Anyone have any idea where I may obtain the correct tool for the job?
No way would a correctly closed EPSA Super Compressor be opened with a bit of wobbly rubber on a stick.
I find the Bergeon suction toy only opens 2 of my watches and a children's rubber tennis ball is 10% of the price and far
more effective and spreads the rubber further.
My understanding is that the Enicar 'closed line' doesn't always line exactly with the crown but is unlikely to be overtightened.
I personally wouldn't risk opening the back myself because luckily my watchmaker is just a mile away. He would have opened many thousands
of Super Compressor cases and I watch him in action. He then allows me to take macro pictures of the movement and then services them.
Essential he uses what looks like a 3 pin Jaxa style wrench and goes quite pink in the face with the effort. The wrench always holds strongly
and never slips. Your case back looks in very good condition - a deep scratch would substantially devalue the watch.
 
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Discussion Starter #12 (Edited)
Thanks, Rich,

I have both a rubber ball and a Bergeon friction/suction tool, and either works fine for my Mark III, though I prefer the "stick."

Changing gears a bit . . .

I also made a post over on the FB Enicar Sherpa International Group and I received a wonderful confirmation from a gentlemen named Romuald Kociuba that the alignment of the case back as I understand it is actually correct! See below.

So far I have stated a couple of times that my Mark Id is in the hands of a respected U.S. watchmaker but I have purposefully not identified the entity.

As a small business owner myself, I understand that this fine organization should be given an opportunity to service my watch before I unwittingly provide others with a reason to know them as "the watchmaker who couldn't open up a Sherpa Graph." ;-)

Such would be an injustice. And when I do identify them, it'll be clear I took the watch to a good place.

Note: At no time during my visit did my watchmaker reach for a three-point tool. In my first post, I identified the approach he proposed to take and with which I agreed.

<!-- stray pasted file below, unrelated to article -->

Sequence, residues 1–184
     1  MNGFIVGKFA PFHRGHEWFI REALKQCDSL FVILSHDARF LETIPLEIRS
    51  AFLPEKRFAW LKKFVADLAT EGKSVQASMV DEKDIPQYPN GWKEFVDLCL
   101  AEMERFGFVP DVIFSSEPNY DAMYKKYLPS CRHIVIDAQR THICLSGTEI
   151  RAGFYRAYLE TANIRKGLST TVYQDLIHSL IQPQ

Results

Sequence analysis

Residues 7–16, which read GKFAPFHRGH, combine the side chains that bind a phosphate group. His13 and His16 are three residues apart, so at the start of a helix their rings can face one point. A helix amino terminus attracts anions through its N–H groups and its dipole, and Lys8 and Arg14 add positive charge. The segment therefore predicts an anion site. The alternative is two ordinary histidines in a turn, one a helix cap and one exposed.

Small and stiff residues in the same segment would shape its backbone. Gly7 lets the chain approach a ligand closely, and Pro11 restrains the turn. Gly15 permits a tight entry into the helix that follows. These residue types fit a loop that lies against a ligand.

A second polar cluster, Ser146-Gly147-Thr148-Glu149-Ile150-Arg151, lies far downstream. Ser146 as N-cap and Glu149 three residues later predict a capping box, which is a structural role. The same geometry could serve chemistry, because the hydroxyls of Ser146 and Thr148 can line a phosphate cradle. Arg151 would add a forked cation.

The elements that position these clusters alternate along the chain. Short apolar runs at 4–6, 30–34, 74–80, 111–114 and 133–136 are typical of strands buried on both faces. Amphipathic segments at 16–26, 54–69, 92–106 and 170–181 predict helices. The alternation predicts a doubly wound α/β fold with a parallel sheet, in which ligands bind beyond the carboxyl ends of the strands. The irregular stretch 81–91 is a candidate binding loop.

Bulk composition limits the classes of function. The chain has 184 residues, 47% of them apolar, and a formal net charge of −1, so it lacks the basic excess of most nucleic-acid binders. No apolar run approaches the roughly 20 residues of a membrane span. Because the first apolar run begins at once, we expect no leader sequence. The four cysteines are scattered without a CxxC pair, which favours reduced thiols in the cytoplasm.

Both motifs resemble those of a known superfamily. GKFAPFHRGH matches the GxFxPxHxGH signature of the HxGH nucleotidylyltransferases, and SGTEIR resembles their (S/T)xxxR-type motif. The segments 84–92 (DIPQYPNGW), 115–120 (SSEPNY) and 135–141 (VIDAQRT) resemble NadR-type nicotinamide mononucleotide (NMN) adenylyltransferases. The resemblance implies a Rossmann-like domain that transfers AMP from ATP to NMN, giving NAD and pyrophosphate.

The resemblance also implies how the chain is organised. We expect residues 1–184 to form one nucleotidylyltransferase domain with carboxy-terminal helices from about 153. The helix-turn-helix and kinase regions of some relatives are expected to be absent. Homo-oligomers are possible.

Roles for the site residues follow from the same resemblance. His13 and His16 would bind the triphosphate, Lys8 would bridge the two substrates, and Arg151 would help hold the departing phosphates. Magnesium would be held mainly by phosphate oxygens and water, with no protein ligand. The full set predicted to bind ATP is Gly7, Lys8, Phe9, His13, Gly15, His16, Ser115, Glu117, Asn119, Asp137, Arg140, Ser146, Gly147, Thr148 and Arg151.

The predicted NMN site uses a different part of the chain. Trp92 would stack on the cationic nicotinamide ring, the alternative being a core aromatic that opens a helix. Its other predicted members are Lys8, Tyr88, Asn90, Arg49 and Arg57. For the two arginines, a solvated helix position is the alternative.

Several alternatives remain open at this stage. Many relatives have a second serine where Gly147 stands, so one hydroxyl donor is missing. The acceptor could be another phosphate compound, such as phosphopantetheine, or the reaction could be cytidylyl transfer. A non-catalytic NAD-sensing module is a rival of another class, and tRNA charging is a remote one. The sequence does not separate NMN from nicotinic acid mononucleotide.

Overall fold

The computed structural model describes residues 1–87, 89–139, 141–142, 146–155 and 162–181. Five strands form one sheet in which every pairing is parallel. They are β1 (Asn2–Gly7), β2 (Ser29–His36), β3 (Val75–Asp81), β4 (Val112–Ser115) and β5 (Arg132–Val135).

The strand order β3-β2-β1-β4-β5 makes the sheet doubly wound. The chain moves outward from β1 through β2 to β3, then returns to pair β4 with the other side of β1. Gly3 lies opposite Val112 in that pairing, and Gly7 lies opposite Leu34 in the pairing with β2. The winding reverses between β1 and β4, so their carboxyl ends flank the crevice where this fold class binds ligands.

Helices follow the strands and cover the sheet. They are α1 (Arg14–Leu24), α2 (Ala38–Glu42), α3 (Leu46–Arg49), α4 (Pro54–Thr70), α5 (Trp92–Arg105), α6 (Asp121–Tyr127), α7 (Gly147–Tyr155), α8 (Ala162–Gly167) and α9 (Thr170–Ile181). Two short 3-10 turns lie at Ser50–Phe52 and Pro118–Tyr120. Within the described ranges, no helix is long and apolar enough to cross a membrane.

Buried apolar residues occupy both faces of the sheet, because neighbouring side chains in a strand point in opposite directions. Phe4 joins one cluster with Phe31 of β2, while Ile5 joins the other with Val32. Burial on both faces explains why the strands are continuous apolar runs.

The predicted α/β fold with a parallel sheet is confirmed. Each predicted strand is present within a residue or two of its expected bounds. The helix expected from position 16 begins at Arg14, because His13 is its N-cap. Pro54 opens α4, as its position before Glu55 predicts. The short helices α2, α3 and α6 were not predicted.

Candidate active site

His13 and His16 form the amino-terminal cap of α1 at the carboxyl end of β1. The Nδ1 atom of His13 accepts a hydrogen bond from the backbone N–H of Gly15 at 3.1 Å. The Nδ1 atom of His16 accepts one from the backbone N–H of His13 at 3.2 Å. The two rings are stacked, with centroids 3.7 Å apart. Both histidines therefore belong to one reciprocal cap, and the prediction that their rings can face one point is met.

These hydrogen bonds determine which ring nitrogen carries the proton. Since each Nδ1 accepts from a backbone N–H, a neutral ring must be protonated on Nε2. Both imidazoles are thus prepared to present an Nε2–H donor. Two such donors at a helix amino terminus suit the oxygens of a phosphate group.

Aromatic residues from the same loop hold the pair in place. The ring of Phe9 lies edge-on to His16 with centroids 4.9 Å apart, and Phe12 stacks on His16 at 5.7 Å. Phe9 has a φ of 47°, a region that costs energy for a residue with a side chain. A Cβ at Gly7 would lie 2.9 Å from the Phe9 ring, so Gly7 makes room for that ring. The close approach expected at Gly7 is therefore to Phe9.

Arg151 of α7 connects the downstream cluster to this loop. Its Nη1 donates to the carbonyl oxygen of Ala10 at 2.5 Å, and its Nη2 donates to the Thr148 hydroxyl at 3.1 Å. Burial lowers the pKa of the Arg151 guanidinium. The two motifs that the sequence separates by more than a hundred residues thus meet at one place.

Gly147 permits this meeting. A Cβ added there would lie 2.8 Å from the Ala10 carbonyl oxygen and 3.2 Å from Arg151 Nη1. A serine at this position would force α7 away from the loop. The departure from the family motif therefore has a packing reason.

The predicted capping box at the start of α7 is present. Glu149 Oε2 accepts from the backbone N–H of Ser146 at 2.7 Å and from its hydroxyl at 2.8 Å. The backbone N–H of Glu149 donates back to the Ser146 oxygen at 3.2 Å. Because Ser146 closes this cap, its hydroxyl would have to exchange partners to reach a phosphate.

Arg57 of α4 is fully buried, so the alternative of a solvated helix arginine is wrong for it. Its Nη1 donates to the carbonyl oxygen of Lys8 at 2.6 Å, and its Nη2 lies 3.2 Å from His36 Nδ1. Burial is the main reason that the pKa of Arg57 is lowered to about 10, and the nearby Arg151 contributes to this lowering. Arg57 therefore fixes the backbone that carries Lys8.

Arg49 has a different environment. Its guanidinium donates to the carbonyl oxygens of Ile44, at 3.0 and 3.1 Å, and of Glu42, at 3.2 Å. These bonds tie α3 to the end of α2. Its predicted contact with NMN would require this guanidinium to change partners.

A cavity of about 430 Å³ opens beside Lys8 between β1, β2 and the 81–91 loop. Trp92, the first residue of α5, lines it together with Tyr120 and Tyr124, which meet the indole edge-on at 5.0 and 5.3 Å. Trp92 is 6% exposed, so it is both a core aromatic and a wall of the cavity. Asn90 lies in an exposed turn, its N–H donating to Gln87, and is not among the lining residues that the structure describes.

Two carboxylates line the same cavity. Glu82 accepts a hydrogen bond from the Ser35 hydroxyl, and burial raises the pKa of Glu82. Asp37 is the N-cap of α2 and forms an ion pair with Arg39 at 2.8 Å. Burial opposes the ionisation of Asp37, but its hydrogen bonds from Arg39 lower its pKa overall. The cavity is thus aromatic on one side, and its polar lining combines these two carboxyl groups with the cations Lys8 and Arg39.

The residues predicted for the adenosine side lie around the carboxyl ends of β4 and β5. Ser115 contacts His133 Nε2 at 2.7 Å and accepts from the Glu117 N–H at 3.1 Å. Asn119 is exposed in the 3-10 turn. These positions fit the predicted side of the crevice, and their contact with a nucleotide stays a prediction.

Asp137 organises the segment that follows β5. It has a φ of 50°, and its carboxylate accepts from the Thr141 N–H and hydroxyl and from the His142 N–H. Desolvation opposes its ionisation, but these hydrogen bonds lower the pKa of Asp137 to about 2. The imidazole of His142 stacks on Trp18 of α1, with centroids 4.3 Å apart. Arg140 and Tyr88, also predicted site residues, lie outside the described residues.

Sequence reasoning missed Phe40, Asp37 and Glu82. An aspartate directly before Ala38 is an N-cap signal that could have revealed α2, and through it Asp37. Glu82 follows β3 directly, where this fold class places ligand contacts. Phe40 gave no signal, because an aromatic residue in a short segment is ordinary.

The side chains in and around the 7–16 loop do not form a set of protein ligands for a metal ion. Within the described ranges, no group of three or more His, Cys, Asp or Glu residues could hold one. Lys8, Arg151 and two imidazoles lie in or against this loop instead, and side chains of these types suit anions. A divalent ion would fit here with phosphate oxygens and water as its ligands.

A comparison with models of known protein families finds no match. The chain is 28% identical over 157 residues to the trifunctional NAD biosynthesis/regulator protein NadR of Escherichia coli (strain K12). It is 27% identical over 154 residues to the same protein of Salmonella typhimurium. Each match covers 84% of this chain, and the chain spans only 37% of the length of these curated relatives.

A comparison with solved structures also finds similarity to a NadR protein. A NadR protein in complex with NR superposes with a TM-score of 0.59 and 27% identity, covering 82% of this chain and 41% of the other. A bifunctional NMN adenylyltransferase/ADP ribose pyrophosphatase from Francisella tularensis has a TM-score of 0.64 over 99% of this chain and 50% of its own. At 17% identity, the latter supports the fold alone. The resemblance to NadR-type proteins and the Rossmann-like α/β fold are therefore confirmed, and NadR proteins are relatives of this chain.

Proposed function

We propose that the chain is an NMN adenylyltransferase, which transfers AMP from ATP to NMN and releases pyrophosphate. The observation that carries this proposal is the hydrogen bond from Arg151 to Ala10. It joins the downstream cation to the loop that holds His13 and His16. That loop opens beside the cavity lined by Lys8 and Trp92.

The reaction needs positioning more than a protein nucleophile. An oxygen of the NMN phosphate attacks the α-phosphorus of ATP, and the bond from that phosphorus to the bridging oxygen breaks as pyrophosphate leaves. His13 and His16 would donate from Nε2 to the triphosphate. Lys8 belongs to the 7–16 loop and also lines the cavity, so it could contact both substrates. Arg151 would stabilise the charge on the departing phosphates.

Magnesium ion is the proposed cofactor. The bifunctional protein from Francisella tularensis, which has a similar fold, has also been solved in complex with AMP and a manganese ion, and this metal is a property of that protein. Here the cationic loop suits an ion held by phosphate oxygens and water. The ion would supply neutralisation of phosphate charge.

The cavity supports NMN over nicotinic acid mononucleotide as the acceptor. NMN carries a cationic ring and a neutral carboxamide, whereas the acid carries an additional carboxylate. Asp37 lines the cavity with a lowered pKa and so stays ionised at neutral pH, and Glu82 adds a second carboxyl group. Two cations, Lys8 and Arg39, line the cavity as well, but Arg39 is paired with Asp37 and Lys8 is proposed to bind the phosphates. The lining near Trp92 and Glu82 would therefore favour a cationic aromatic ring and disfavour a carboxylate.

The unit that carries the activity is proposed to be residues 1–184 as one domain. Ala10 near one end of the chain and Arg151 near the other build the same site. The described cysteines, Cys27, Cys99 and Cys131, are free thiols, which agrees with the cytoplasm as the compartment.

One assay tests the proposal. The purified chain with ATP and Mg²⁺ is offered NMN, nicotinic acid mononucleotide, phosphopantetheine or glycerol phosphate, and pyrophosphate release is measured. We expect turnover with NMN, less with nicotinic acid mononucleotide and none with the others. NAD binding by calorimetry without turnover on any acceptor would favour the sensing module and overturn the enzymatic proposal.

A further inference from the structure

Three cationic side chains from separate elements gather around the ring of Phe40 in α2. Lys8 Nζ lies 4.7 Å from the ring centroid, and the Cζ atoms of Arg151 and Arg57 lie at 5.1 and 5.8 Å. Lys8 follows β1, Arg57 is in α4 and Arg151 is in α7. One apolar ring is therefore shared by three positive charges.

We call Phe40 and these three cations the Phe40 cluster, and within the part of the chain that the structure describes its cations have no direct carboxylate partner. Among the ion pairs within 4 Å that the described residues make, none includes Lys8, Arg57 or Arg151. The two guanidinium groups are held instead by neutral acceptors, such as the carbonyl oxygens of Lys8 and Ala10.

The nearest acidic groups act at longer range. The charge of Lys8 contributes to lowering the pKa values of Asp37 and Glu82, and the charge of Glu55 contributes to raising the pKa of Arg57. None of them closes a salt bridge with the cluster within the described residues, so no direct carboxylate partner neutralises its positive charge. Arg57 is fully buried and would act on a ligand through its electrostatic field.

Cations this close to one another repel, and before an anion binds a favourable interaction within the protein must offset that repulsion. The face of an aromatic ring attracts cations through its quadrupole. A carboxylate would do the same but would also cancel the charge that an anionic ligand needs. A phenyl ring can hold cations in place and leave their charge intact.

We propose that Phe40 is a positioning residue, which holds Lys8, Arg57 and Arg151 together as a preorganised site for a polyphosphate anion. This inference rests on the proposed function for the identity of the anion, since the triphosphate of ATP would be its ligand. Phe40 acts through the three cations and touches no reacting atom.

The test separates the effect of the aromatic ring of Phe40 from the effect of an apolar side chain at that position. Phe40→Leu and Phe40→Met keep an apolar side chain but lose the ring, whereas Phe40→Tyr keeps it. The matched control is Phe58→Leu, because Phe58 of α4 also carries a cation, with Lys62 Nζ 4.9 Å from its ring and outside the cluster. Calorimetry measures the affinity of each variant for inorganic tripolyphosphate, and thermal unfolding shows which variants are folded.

When I get the watch back, I will provide a complete report.

Meanwhile, I've been trying to save some time and money by finding the right tool for the job.

I hope it is clear from my first post that I would not open the watch myself either . . . unless I had the right tool for the job and while I accept that an experienced watchmaker may successfully employ a three-point tool (I have one of these JAXA tools as well,) the right tool for the job is not a three-point adjustable hand-tool.

Any of us who have been following the Sherpa Graph in particular knows that more often than not, even when the face of the watch is in excellent condition and the case and lugs are quite good, the back may look like crap.

It's pretty easy to deduce why the backs of these watches are often beat up.

As you observe, the back of my "Id" hasn't been abused yet and as you may suspect, the price I paid for the watch is reflected in its current condition. Shame on me if I allow anyone to damage it.

Cheers,

~Joe

One more edit: Looking at the photo of the watch, you can see that the back has been turned - I would say forced - past the closed position by about 10 or 15 degrees. I have examined the mechanism up close and it can be forced. If you go to this site, you will see a discussion of the mechanism itself. Scroll down.

The Watch Spot Blog - Enicar